libiomp, not libgomp as default library linked with -fopenmp

All,

I’d like to resurrect the discussion on replacing libgomp with libiomp as the default OpenMP runtime library linked with -fopenmp.

For reference, the previous discussion is accessible there: http://lists.cs.uiuc.edu/pipermail/cfe-commits/Week-of-Mon-20140217/thread.html#99461

We are very close to getting full OpenMP 3.1 specification supported in clang (only one (!) clause is not implemented yet, and the patch is already sent for review today: http://reviews.llvm.org/D9370). This implementation generates Intel API library calls; thus, it can’t be used with libgomp and it is simply logical to link a compatible runtime (libiomp) instead.

Last time Chandler objected against doing this, and gave a good (and proper!) scolding. Let me quote his objections along with updates on current state of things:

  • This library is not being developed as an active part of the LLVM community, even if it is checked into SVN as part of the LLVM project and under its license. See r197914 where there is a code drop of many months worth of development with no change log, attribution, information, or other participation in any part of the community.

Now it is actively developed by several members of the community. Changes are committed in small patches. See “openmp-commits” mailing list (http://lists.cs.uiuc.edu/pipermail/openmp-commits/) for details.

  • There has been essentially zero discussion with the rest of the clang or llvm community about this library. There are separate mailing lists which have nearly no traffic since the code drop.

Nowadays the traffic, while less than on llvm-dev mailing list (understandably so :-)) is far from being “zero”. Discussions happen all the time. See the list archives for details (http://lists.cs.uiuc.edu/pipermail/openmp-dev/).

  • There has been no effort to make this library even work properly with Clang as a host compiler. See the copious notes that only Clang 3.3 is supported, and that not full featured.

This is fixed.

  • The build system is totally disjoint from LLVM’s, in fact it is an entirely custom Perl build system that is unlike anything in use by the LLVM project.

The build system is full re-written and now cmake-based. The last remaining step (integration into overall llvm build system) is about to be done by any day now (http://lists.cs.uiuc.edu/pipermail/openmp-dev/2015-April/thread.html#500).

  • There are zero tests in the open source repository!!! This is even called out in the original submission and on the primary website. We simply cannot ship and link against a runtime library which has no tests!

UofHouston contributed a comprehensive test suite: http://llvm.org/viewvc/llvm-project/openmp/trunk/testsuite/.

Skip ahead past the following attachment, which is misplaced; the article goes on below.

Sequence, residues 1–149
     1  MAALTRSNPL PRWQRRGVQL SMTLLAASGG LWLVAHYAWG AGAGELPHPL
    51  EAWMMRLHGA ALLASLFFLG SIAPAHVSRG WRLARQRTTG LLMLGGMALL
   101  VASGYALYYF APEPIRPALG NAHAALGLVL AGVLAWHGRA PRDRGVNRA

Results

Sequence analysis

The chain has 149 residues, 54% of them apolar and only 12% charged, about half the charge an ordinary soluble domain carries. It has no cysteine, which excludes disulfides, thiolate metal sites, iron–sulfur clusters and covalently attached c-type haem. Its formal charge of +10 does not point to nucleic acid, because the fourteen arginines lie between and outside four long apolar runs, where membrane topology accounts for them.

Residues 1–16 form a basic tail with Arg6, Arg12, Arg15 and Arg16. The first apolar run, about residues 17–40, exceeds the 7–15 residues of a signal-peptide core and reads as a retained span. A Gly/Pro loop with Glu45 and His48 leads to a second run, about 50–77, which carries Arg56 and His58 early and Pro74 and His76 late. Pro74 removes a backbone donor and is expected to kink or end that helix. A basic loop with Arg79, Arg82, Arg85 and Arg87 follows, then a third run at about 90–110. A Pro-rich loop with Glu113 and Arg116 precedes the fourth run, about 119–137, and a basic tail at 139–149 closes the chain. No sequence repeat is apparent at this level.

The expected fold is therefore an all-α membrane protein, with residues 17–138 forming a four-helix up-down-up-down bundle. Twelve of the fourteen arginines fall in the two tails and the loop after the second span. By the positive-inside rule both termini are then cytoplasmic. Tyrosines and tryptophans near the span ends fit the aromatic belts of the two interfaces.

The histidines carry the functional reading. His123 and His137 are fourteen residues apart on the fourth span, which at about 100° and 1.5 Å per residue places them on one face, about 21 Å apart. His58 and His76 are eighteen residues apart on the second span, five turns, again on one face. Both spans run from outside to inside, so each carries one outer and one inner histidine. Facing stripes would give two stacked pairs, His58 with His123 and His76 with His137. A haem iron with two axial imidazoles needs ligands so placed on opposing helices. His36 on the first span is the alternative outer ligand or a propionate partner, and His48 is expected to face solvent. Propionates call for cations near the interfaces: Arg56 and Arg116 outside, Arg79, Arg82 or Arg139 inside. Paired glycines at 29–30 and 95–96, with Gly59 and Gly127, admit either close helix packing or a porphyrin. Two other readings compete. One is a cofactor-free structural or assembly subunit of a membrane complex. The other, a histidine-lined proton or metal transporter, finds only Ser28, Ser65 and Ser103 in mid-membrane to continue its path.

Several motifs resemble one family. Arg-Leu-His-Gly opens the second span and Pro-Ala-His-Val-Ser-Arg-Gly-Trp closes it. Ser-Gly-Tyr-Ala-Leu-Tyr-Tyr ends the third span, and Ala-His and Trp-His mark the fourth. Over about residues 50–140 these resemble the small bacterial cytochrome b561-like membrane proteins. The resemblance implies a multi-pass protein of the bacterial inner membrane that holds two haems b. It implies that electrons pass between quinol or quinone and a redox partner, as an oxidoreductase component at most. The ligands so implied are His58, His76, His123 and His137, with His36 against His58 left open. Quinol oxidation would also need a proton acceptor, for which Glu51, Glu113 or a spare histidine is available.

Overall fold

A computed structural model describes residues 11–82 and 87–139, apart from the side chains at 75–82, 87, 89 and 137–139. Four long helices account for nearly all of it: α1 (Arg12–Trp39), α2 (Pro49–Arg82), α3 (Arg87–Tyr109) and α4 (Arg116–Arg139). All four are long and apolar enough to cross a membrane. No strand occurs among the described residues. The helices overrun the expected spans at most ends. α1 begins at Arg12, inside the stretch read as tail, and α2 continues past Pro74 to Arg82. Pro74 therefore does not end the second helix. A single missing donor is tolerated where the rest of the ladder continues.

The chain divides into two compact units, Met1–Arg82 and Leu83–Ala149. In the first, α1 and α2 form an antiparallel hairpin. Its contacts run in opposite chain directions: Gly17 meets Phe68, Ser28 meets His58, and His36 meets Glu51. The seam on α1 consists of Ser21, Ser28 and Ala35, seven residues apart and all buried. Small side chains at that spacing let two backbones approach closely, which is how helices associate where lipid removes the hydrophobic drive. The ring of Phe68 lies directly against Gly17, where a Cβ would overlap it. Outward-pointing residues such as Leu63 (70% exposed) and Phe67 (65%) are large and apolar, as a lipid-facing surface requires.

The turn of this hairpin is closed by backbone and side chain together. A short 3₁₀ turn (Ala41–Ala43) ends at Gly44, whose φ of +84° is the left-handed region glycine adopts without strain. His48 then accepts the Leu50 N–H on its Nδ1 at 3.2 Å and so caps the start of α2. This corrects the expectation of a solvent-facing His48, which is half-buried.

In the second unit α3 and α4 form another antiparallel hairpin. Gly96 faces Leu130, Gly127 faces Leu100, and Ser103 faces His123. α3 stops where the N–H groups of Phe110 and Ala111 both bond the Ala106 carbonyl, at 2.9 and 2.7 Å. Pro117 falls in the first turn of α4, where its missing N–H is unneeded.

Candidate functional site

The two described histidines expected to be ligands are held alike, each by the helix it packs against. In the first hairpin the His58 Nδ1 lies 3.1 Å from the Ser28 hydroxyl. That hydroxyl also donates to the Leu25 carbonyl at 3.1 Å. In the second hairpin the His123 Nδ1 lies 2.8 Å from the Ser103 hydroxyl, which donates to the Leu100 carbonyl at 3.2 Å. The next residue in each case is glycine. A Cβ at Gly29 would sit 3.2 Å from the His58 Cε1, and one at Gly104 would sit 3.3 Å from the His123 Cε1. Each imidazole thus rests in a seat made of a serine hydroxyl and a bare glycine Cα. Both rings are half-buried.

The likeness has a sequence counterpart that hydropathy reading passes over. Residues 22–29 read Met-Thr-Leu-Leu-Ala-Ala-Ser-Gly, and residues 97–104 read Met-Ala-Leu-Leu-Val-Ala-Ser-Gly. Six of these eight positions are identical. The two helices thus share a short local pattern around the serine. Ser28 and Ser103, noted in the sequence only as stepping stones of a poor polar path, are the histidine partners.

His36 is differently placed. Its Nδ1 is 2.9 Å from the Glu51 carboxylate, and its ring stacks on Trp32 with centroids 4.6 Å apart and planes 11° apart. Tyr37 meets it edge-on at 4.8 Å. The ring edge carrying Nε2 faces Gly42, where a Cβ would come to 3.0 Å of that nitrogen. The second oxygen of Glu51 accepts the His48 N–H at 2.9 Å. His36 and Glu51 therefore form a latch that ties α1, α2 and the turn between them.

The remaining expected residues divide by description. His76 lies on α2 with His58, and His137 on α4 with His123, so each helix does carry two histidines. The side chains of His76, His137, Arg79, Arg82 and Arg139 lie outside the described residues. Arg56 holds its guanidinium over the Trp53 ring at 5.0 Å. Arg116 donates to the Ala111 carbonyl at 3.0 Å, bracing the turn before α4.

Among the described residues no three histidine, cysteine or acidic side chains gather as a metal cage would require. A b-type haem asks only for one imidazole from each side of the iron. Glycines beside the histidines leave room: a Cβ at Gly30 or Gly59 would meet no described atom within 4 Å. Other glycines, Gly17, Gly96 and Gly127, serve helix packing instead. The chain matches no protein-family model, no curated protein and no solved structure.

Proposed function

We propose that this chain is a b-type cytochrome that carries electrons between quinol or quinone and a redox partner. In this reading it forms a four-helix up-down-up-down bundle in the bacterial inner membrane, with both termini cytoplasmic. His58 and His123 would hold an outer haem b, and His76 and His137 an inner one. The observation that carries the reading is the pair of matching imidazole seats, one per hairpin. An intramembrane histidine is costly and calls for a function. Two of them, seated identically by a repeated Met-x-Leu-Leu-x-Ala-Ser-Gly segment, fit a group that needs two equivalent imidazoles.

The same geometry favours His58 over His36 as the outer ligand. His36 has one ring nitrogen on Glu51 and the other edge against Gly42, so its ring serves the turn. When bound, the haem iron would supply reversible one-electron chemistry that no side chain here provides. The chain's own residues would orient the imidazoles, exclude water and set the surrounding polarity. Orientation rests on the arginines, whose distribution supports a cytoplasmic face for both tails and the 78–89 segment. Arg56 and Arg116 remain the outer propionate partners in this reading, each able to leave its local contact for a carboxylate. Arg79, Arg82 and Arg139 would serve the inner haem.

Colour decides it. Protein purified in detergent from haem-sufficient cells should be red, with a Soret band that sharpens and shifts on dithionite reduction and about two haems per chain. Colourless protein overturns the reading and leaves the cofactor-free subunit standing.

• No part of this library has gone through an LLVM release process either, not even as a “new” or “beta” project.

The whole library is a part of two last llvm releases: 3.5 and 3.6.

Thus, I believe all of Chandler’s concerns are resolved, and it is finally a good time time to switch to libiomp as default OpenMP library.

Anyone who supports this?

Anyone who disagrees?

Chandler?

Yours,
Andrey Bokhanko

From: "Andrey Bokhanko" <andreybokhanko@gmail.com>
To: "cfe-dev" <cfe-dev@cs.uiuc.edu>, "LLVM Developers Mailing List" <llvmdev@cs.uiuc.edu>, "Douglas Gregor"
<dgregor@apple.com>, "Hal Finkel" <hfinkel@anl.gov>, "C Bergström" <cbergstrom@pathscale.com>, "Michael Wong"
<fraggamuffin@gmail.com>, "Alexey Bataev" <a.bataev@gmx.com>
Sent: Thursday, April 30, 2015 8:49:30 AM
Subject: libiomp, not libgomp as default library linked with -fopenmp

All,

I'd like to resurrect the discussion on replacing libgomp with
libiomp as the default OpenMP runtime library linked with -fopenmp.

For reference, the previous discussion is accessible there:
http://lists.cs.uiuc.edu/pipermail/cfe-commits/Week-of-Mon-20140217/thread.html#99461

We are very close to getting *full* OpenMP 3.1 specification
supported in clang (only one (!) clause is not implemented yet, and
the patch is already sent for review today:
http://reviews.llvm.org/D9370 ). This implementation generates Intel
API library calls; thus, it can't be used with libgomp and it is
simply logical to link a compatible runtime (libiomp) instead.

To be clear, this is now LLVM's OpenMP runtime (not just Intel's), and has been ported to several platforms in addition to x86 (PowerPC, ARM).

Last time Chandler objected against doing this, and gave a good (and
proper!) scolding. Let me quote his objections along with updates on
current state of things:

- This library is not being developed as an active part of the LLVM
community, even if it is checked into SVN as part of the LLVM
project and under its license. See r197914 where there is a code
drop of many months worth of development with *no* change log,
attribution, information, or other participation in any part of the
community.

Now it is actively developed by several members of the community.
Changes are committed in small patches. See "openmp-commits" mailing